We just have to keep making impressions by putting this in front of farmers in various forms, whether it’s articles, videos, or someone speaking about it at a conference. Several impressions will spur them to seek out more in-depth learning. Next, they need a workshop where they can see, touch, feel, and hear for themselves and get immersed in regenerative practices. Then they need a school. There are a number of different schools out there. Ours is the Soil Health Academy–a three-day school that is very in-depth and hands-on. Farmers need that immersive learning experience because they’ve got to feel comfortable and capable if they’re going to make a change.

For the last step–they need follow up. Because even after they go to a school they are still going to hit speed bumps along the way. When they run into hiccups, they need consultants and a supportive network to go to for help and encouragement. Schools help forge and form interactive networks among farmers who are making this transition. Through those networks, they can share their challenges and discover new ways that others are meeting those challenges.


Your address at SAC is titled: Adaptive Stewardship: Your Key to Regeneration & ProfitabilityWhat is adaptive stewardship and what are some of the major impacts that farmers and ranchers are seeing after adopting this approach?

: My partners and I, beyond being consultants and teachers, are practicing farmers and ranchers ourselves. Through our practice and the boots-on-the-ground consulting work that we’ve done on thousands of farms all over the world, we’ve developed what we call the adaptive stewardship approach. Basically, what that means is that when you deal with nature and with biology, we must take an adaptive approach. We are never presented the same thing day-in and day-out, year-in and year-out. It’s always changing. There is no such thing as normal. Most programs developed for farmers and ranchers are what we call prescriptive or formulaic in nature. Those methods won’t work for long, so you have to learn how to be adaptive.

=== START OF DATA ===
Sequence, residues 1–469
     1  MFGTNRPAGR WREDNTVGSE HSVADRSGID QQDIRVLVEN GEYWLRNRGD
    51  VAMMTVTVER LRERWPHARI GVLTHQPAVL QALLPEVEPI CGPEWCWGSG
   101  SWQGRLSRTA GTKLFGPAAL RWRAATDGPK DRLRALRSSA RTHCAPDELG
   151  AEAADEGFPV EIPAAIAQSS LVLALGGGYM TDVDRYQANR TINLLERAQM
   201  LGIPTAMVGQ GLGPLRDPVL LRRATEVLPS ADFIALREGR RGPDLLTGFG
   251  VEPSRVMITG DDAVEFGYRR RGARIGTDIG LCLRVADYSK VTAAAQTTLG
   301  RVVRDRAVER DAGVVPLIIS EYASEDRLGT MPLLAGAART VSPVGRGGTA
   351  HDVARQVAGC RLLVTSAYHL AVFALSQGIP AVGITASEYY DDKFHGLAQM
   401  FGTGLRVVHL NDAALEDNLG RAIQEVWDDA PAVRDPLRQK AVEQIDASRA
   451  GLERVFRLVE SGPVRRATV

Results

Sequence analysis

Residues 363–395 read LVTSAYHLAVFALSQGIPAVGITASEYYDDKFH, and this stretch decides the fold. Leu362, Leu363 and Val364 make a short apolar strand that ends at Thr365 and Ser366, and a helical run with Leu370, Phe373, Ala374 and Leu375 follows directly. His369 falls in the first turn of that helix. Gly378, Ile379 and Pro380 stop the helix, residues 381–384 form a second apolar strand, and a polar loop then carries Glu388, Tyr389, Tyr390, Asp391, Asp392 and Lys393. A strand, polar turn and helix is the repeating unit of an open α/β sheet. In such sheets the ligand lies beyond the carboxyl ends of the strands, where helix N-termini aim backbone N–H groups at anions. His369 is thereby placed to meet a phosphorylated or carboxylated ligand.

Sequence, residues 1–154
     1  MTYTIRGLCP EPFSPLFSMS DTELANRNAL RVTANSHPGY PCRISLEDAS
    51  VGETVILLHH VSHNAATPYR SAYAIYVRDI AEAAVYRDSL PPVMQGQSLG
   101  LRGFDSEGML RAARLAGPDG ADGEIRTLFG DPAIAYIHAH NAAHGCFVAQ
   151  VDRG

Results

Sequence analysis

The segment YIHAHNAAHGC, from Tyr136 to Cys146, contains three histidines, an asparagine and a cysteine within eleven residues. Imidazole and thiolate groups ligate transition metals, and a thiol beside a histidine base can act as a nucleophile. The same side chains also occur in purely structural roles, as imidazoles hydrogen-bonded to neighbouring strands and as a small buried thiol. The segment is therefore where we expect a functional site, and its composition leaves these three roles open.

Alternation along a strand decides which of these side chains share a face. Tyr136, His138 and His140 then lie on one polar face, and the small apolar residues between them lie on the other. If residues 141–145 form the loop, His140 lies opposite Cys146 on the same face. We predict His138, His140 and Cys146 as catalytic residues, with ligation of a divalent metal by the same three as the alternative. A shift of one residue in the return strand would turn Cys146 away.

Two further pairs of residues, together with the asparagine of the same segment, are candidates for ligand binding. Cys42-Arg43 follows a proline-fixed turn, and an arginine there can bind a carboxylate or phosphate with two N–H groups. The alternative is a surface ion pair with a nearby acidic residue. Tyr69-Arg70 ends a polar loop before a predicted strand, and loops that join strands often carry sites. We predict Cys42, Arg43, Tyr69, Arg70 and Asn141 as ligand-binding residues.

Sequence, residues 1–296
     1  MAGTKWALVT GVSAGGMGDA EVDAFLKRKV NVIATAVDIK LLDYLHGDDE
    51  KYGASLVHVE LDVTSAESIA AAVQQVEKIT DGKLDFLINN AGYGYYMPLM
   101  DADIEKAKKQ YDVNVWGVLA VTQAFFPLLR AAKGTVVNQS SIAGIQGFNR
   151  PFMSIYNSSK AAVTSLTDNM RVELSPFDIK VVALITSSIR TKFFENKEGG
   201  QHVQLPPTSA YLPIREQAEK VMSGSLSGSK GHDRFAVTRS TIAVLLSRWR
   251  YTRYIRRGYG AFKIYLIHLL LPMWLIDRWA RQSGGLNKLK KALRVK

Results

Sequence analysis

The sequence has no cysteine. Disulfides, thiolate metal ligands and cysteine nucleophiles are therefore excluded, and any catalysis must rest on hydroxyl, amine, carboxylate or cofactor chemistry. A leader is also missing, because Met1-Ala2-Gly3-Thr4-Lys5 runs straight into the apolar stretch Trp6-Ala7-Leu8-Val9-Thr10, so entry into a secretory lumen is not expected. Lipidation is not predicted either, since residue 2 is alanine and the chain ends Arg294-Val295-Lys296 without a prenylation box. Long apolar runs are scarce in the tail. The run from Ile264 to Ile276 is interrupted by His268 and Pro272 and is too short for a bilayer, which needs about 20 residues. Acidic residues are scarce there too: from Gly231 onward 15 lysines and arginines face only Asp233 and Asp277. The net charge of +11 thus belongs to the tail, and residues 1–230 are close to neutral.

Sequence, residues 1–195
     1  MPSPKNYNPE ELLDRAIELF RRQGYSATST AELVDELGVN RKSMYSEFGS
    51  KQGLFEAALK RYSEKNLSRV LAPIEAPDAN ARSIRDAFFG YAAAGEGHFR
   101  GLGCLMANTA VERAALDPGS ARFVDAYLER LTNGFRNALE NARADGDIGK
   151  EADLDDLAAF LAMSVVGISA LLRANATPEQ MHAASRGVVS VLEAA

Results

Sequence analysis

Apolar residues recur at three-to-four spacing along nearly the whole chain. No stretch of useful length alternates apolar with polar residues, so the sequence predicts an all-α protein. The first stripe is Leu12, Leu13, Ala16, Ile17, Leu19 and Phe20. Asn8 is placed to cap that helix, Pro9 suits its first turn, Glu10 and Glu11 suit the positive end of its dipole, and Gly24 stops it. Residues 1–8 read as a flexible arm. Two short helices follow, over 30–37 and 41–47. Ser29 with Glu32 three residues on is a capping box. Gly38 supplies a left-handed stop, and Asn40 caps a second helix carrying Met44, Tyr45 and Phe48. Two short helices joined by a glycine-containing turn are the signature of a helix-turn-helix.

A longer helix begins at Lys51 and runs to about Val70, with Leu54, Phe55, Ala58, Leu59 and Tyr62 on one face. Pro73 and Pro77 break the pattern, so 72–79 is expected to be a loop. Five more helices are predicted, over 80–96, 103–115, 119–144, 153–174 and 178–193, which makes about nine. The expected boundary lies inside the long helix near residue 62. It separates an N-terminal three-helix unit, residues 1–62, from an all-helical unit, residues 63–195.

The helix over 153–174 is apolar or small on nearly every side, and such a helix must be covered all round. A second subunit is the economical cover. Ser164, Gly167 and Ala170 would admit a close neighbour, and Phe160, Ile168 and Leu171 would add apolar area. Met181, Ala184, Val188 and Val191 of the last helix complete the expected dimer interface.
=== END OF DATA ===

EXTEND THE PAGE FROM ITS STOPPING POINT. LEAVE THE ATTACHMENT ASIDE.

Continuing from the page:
“Most programs developed for farmers and ranchers are what we call prescriptive or formulaic in nature. Those methods won’t work for long, so you have to learn how to be adaptive.”

In being adaptive, we have to be good stewards of the soil, the microbes in the soil, the animals, the plants, and everything else that we’re in charge of. Within adaptive stewardship, we have three rules that hold true no matter where you are in the world: the rule of compounding, the rule of diversity, and the rule of disruption. Those are the three core components of adaptive stewardship.

The rule of compounding means that in nature, which is what we deal with every day as farmers, there are never any singular effects. Everything that we do, every decision that we make, produces a series of compounding and cascading effects. And those effects are never neutral. They are either positive or negative. So the good thing is–we control that by what we do. But, we have to be aware. So we have to recognize and ask ourselves: if I till; if I spray this chemical; if I apply this fertilizer; if I graze this way–am I going to be creating positive compounding effects or negative compounding effects?

The rule of diversity means that nature never creates a monoculture. Anytime nature is in control, nature creates and encourages diversity and complexity. From microbes to insects, to plants, to animals, to birds. Everything is diverse and complex. We are the only creature on the face of the earth that creates a monoculture. So in order to redevelop fully functioning ecosystems, we have to think about, in our farming and ranching practices, the question of how we can reintroduce diversity.

“We are the only creature on the face of the earth that creates a monoculture.”